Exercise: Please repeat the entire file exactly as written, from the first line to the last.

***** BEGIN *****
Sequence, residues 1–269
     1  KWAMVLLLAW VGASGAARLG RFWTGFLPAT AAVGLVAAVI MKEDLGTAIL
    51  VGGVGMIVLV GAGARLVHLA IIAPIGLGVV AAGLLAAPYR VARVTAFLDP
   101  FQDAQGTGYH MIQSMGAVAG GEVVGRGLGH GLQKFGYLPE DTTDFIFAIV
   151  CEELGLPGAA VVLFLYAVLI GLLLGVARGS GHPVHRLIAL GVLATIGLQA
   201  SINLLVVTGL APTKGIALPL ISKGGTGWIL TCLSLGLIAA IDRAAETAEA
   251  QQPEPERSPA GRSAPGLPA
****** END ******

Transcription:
Sequence, residues 1–269
     1  KWAMVLLLAW VGASGAARLG RFWTGFLPAT AAVGLVAAVI MKEDLGTAIL
    51  VGGVGMIVLV GAGARLVHLA IIAPIGLGVV AAGLLAAPYR VARVTAFLDP
   101  FQDAQGTGYH MIQSMGAVAG GEVVGRGLGH GLQKFGYLPE DTTDFIFAIV
   151  CEELGLPGAA VVLFLYAVLI GLLLGVARGS GHPVHRLIAL GVLATIGLQA
   201  SINLLVVTGL APTKGIALPL ISKGGTGWIL TCLSLGLIAA IDRAAETAEA
   251  QQPEPERSPA GRSAPGLPA